Bontrager X lite Wheels

Discussion in 'Cycling Equipment' started by cohiba1223, Oct 30, 2006.

  1. cohiba1223

    cohiba1223 New Member

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    I just purchased a set from a friend ... brand new 2007. First time I used them was for the century I did yesterday. I finished in just under 6 hours, 5 hours on the bike. Had to do 38 miles on my own because my group dropped off at the 100K, 62. These wheels kick ass, in the wind they performed very well, with the wind it was effortless to get them up to 30+ mph. I used to have the Bontrager Race and what an upgrade for the money. It is so easy to spin these wheels up to fast speeds. My max on the Race wheels was around 32 mph, I have hit 34 with the X lite and only had them for 1 week. I strongly recommend them.
     
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  2. carbonguru

    carbonguru New Member

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    How much did your buddy sell the wheelset to you? They are very nice looking wheels.



     
  3. cohiba1223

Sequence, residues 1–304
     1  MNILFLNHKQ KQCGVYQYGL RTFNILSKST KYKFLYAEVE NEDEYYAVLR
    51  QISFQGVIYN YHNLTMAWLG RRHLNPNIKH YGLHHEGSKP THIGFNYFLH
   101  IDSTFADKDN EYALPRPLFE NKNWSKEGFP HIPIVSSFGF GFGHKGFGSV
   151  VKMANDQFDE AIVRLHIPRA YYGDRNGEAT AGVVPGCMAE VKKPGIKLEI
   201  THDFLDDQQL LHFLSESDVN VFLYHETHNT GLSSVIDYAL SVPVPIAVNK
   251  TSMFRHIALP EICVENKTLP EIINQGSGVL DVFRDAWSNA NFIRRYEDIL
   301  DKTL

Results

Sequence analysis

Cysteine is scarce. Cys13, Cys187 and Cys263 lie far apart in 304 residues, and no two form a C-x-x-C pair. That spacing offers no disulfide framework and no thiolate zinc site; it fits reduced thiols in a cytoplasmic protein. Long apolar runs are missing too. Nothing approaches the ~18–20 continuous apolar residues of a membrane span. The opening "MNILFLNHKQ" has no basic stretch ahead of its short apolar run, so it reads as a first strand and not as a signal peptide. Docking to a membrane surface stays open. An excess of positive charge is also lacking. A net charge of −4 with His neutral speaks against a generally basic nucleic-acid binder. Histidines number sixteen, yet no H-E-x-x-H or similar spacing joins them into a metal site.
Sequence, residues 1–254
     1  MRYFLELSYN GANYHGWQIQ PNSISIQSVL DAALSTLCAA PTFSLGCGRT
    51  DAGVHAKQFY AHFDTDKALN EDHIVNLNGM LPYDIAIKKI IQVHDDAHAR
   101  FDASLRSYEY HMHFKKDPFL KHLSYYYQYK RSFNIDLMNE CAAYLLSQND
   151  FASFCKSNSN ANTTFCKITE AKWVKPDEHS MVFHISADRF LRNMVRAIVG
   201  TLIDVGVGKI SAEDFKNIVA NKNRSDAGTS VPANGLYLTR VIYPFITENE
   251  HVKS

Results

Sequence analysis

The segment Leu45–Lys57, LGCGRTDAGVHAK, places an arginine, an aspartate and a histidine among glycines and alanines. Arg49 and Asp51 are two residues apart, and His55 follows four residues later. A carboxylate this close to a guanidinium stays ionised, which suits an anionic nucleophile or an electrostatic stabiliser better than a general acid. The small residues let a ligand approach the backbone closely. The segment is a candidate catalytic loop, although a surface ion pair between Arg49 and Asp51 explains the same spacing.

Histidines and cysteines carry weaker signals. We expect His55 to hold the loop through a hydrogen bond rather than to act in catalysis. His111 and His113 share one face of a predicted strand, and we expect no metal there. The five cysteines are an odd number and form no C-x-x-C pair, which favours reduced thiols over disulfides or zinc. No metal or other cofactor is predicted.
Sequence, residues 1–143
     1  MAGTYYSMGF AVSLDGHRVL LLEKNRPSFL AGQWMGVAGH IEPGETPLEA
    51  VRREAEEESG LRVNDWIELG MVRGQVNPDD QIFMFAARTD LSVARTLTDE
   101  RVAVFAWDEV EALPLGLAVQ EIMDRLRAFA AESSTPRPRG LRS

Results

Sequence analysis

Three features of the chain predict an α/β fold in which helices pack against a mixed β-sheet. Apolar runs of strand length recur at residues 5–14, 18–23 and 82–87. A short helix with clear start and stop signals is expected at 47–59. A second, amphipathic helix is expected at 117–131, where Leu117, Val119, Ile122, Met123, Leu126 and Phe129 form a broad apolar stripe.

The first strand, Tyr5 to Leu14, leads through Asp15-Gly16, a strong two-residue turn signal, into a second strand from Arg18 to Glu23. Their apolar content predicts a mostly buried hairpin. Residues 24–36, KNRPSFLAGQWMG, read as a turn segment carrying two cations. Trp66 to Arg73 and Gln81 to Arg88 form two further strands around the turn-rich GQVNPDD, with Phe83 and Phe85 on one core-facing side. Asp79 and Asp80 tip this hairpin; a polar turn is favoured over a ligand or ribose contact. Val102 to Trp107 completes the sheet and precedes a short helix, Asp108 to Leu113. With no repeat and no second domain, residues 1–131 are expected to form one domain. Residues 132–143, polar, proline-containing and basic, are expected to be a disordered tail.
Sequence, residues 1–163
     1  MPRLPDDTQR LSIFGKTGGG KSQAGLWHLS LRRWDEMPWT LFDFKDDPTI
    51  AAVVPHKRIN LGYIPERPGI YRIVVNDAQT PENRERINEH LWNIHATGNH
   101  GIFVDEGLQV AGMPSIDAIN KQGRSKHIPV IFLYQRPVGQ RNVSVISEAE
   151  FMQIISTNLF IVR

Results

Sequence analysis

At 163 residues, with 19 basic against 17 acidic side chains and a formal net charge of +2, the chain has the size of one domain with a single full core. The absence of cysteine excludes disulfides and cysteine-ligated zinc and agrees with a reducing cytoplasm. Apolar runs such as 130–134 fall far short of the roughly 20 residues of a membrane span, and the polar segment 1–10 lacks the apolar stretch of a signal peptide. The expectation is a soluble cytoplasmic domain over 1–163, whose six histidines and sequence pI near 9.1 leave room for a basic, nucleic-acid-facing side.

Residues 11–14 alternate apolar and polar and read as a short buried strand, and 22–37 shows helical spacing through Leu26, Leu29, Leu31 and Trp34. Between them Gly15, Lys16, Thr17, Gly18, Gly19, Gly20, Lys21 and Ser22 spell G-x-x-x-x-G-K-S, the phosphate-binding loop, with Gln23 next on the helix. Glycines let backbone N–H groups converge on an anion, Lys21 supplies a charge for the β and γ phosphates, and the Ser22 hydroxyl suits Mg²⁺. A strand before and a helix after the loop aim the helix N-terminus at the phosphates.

cohiba1223 New Member

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    I was able to pick them up for $500 with Race X Lite Tires
     
  4. carbonguru

    carbonguru New Member

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    WOW! Great deal!!!



     
  5. alienator

    alienator Well-Known Member

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    It's nice you like your wheels, but I doubt the increased speed is due to anything related to the wheels. More than likely, the increased speed is from you being psyched about the wheels.

    You are talking about Race X Lites, right?

    I had a pair of Race X Lites, and while the hub internals were made by DT and rolled well, the rest of the wheel was non-spectacular. This was doubly the case when the rear DS hub flange self destructed after less than a year. Comparing how I ride with the wheels that replaced the Race X Lites--a set of Crostini R3.1/3.2 rims laced 24f 2x and 28r 2x--there is absolutely no difference in speed. None. And the Crostinis have a lower profile rim, to boot. My Crostini set is laterally stiffer.

    Speed increases from different wheels are only gonna come with muy deeper rims, everything else being equal. Even with deeper rims, the difference is smallish, like about 0.5mph at 25mph with the best deep, aero wheels. The math behind that idea is backed up by my experience with my Reynolds Stratus DV's. They have 46mm rims, and any differences I see are really only noticeable when the pace is wicked up--20-22+mph--or when there's a strong headwind. In those cases, the speed improvement is still small.

    Aerodynamically there is about nothing special about the Race X Lites, certainly nothing that would account for speed increases....unless the wheels you previously used had no lube in the hubs.